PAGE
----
At check-in, we learned that house beverages, including alcoholic drinks, were included with our room rate. The website promised “complimentary everything,” but this was a pleasant surprise. We received another surprise when we arrived in our compact accommodations. The description of the Town King Room mentioned a tub, which was absent, and we had a view of the pool rather than of Park City. When I called the front desk, I learned that we had been given a Pool King Room because our Town King Room, which costs the same, had recently suffered a broken window. In the evening, a manager approached to offer us a discount on our accommodations, as well as the use of the Town King’s tub. I appreciated that the manager addressed the problem so well, but I wish the hotel had alerted me in advance, rather than simply giving us a room different from the one I reserved without comment.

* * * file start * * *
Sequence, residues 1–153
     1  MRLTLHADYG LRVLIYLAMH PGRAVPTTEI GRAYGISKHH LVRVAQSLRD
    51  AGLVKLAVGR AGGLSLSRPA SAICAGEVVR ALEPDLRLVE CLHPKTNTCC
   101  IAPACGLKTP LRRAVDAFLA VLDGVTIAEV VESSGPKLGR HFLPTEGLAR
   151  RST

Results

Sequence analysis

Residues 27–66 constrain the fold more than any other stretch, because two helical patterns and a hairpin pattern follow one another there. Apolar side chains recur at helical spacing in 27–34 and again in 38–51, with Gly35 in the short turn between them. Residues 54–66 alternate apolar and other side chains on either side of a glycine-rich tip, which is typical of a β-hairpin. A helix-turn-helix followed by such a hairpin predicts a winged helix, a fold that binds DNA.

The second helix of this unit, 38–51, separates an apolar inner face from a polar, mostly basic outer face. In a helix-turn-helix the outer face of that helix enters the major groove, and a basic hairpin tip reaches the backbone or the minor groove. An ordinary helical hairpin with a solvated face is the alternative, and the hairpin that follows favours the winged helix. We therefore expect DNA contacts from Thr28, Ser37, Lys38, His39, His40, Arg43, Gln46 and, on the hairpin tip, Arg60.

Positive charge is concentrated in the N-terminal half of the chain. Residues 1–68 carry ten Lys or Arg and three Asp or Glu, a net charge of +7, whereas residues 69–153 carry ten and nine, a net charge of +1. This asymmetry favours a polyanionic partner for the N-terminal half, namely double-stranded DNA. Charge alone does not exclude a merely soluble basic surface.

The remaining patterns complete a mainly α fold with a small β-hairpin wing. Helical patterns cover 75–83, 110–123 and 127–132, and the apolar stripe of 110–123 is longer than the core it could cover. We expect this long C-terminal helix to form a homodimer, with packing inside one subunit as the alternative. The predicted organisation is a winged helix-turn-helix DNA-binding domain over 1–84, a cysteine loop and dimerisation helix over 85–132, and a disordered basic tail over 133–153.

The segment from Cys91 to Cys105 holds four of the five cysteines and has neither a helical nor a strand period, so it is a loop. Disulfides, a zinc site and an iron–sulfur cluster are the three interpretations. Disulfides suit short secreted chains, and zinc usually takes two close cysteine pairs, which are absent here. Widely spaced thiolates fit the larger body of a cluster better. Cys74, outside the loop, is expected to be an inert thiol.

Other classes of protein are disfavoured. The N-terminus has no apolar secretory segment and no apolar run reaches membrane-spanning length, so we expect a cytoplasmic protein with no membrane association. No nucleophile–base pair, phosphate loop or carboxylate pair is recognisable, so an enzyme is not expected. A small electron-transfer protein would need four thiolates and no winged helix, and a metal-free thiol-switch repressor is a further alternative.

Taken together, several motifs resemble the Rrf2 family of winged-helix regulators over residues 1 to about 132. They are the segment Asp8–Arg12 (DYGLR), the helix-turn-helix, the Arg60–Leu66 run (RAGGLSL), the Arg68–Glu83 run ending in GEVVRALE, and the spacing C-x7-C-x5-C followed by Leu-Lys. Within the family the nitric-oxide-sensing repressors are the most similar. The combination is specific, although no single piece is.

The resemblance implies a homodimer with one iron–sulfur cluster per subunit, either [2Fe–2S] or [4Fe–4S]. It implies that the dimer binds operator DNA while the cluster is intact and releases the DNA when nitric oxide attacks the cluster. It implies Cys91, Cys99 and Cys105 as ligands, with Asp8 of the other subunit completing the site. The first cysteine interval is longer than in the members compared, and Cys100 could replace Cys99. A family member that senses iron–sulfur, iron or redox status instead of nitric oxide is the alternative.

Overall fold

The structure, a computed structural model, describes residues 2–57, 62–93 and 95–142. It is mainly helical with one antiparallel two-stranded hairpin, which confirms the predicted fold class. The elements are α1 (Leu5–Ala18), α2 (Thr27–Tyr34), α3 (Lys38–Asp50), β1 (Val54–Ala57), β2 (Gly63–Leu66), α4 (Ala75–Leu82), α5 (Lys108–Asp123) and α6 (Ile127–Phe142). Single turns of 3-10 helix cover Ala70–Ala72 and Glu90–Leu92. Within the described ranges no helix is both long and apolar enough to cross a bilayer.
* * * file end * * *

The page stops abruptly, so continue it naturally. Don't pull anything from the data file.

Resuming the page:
I actually preferred the Pool King Room because of its superior layout and view. The room’s large dormer had space for two linen-upholstered Louis XV-inspired armchairs and an ottoman, and in a neighboring niche was a diminutive antique dressing table. Marble-topped nightstands flanked a firm but comfortable king bed, and by the door was a wooden wardrobe. There was room for little more, making the space feel rather tight for two. The small bath compounded this feeling. I liked the pristine white marble facing the walls and walk-in shower, but the single vanity had too little counter space, and I failed in my repeated and increasingly irritable attempts to activate the in-floor heating.